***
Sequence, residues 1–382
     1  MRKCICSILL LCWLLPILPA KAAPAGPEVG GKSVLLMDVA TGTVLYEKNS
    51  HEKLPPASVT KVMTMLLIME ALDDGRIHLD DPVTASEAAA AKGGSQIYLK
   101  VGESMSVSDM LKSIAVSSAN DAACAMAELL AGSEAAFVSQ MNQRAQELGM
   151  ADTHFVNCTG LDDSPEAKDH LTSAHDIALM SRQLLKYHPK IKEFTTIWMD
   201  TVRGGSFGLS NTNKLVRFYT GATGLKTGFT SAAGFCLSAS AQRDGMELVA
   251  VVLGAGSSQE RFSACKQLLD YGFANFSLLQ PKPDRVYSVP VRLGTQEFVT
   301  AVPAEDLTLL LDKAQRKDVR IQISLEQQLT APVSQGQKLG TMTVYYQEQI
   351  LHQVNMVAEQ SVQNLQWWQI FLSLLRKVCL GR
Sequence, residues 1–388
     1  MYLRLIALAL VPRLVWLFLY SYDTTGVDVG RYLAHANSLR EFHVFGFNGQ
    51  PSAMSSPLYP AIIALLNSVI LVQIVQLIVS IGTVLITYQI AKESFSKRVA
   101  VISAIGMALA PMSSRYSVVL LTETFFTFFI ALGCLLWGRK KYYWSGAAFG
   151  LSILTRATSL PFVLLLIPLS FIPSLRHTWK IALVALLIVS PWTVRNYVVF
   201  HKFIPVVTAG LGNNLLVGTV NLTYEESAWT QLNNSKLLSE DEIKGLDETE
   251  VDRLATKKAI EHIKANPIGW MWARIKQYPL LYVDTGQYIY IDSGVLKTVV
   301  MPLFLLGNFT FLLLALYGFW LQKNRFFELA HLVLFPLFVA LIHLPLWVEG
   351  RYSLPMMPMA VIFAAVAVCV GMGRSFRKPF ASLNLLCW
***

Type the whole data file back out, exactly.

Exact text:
Sequence, residues 1–382
     1  MRKCICSILL LCWLLPILPA KAAPAGPEVG GKSVLLMDVA TGTVLYEKNS
    51  HEKLPPASVT KVMTMLLIME ALDDGRIHLD DPVTASEAAA AKGGSQIYLK
   101  VGESMSVSDM LKSIAVSSAN DAACAMAELL AGSEAAFVSQ MNQRAQELGM
   151  ADTHFVNCTG LDDSPEAKDH LTSAHDIALM SRQLLKYHPK IKEFTTIWMD
   201  TVRGGSFGLS NTNKLVRFYT GATGLKTGFT SAAGFCLSAS AQRDGMELVA
   251  VVLGAGSSQE RFSACKQLLD YGFANFSLLQ PKPDRVYSVP VRLGTQEFVT
   301  AVPAEDLTLL LDKAQRKDVR IQISLEQQLT APVSQGQKLG TMTVYYQEQI
   351  LHQVNMVAEQ SVQNLQWWQI FLSLLRKVCL GR
Sequence, residues 1–388
     1  MYLRLIALAL VPRLVWLFLY SYDTTGVDVG RYLAHANSLR EFHVFGFNGQ
    51  PSAMSSPLYP AIIALLNSVI LVQIVQLIVS IGTVLITYQI AKESFSKRVA
   101  VISAIGMALA PMSSRYSVVL LTETFFTFFI ALGCLLWGRK KYYWSGAAFG
   151  LSILTRATSL PFVLLLIPLS FIPSLRHTWK IALVALLIVS PWTVRNYVVF
   201  HKFIPVVTAG LGNNLLVGTV NLTYEESAWT QLNNSKLLSE DEIKGLDETE
   251  VDRLATKKAI EHIKANPIGW MWARIKQYPL LYVDTGQYIY IDSGVLKTVV
   301  MPLFLLGNFT FLLLALYGFW LQKNRFFELA HLVLFPLFVA LIHLPLWVEG
   351  RYSLPMMPMA VIFAAVAVCV GMGRSFRKPF ASLNLLCW